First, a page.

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There are signs that Turkey, which has long straddled East and West, may be acceding to its Ottoman past and Arab neighbors.
In the five years since negotiations over Turkey's accession to the EU began, Ankara has fulfilled only one of the necessary 35 "chapters," or steps to membership of the 27-member bloc.
It is not all Turkey's fault that the process has been so slow: Strong resistance from member states within the EU has regularly stalled the process and, within Turkey itself, left many feeling like the unpopular neighbor who will never get invited to the party.
In a recent opinion piece in Lebanon's Daily Star newspaper, Dominique Moisi, a visiting professor at Harvard University in Massachusetts, played the blame game, throwing culpability eastward, westward and somewhere in between in an attempt to answer the question “Who lost Turkey?”
“The EU's growing reservations about Turkey's membership have been expressed unambiguously by French President Nicolas Sarkozy," Moisi argued.
He continued: "In the U.S., former President George W. Bush gets some of the blame because of the war in Iraq,” adding that Israel shared responsibility for Turkey's alienation as a result of the Lebanon war of 2006 and its recent military operations in Gaza.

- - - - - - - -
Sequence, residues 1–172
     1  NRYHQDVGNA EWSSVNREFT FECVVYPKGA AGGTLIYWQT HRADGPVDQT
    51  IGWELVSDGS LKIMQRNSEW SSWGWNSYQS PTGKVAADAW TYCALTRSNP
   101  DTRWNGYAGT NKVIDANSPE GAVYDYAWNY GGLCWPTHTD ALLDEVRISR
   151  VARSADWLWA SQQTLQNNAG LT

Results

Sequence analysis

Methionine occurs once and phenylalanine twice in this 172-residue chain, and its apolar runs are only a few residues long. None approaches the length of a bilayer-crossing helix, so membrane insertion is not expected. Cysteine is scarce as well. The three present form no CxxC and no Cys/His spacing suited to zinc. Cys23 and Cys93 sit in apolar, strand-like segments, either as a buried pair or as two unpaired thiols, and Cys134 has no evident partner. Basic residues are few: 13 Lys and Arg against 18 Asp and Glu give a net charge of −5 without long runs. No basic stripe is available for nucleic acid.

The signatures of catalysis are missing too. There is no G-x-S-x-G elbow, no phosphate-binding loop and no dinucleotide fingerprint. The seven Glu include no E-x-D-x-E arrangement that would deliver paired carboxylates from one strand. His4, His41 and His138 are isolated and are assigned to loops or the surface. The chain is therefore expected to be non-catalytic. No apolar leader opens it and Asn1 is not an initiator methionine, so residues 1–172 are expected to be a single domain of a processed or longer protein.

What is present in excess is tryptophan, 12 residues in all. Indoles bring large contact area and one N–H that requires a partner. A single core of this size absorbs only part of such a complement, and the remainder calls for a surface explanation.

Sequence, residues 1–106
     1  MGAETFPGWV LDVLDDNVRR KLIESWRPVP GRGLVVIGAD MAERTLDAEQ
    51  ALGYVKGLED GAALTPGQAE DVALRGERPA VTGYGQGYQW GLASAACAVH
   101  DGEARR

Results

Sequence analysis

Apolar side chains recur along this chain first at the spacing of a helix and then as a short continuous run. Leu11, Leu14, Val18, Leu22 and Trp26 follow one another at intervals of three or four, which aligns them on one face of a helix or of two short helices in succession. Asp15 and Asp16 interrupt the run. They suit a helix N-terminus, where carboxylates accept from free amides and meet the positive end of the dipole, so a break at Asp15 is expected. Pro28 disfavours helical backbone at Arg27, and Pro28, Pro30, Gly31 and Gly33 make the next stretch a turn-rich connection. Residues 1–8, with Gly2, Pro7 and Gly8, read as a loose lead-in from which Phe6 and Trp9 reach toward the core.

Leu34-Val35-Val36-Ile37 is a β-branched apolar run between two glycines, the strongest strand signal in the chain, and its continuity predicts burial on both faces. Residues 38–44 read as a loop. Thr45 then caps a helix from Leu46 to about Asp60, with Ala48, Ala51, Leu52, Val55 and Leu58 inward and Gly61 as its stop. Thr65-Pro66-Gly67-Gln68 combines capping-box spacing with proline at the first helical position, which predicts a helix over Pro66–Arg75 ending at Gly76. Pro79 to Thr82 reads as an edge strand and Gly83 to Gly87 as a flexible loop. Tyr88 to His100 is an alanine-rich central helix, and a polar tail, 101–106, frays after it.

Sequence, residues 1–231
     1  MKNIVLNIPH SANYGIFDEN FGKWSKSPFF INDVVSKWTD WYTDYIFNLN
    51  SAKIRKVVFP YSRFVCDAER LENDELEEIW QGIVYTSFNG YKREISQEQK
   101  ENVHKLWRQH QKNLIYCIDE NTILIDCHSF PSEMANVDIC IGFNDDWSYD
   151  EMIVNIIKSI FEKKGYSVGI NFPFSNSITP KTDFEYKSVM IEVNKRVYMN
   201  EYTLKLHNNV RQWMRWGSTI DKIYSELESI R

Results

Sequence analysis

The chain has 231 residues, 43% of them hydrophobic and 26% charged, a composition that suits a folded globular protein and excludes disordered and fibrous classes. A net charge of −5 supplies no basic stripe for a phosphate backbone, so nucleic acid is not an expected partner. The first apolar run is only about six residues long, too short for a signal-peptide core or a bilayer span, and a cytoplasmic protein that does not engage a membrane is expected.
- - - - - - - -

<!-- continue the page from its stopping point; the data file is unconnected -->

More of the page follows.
That’s not to say that Turkey’s secular, pro-Western elites don’t still consider the EU and the U.S. vital allies — they do. (Many of the same people still consider Islamic fundamentalist Hamas, Hezbollah and Iran as potential threats.) Yet they are also left with the feeling of having been used, picked up by the West at times of strategic importance and diplomatically dumped soon after.
Turks, too, have demonstrated their waning desire to join the EU. According to a 2008 study commissioned by the German Marshall Fund of the United States, titled “Transatlantic Trends,” the percentage of Turks who think Turkey’s membership in the European Union would be “a good thing” steadily declined between 2004 and 2008 — from 73 percent to 40 percent. European respondents to the study also were more favorable toward Turkey’s EU accession in 2004 (36 percent) than they were in 2007 (23 percent).
The danger in “losing Turkey” is that doing so could push the inheritors of the Ottoman Empire back onto an Asian, Muslim and Middle Eastern historical trajectory. At a time when dialogue with the Islamic world is one of the West’s key challenges, it seems important to ask the costs of losing such a key translator.
Cagaptay, of the Washington Institute, pointed to a growing realization within the U.S. of the need to nurture the Western elements of the Turkish identity — a point driven home by the recent visits to Turkey by President Barack Obama and Secretary of State Hillary Clinton.
“Turkey is moving away, yes, and it’s causing a series of responses. For the U.S. the response is: We need to engage Turkey with a big bear hug and a little Western squeeze,” Cagaptay said.
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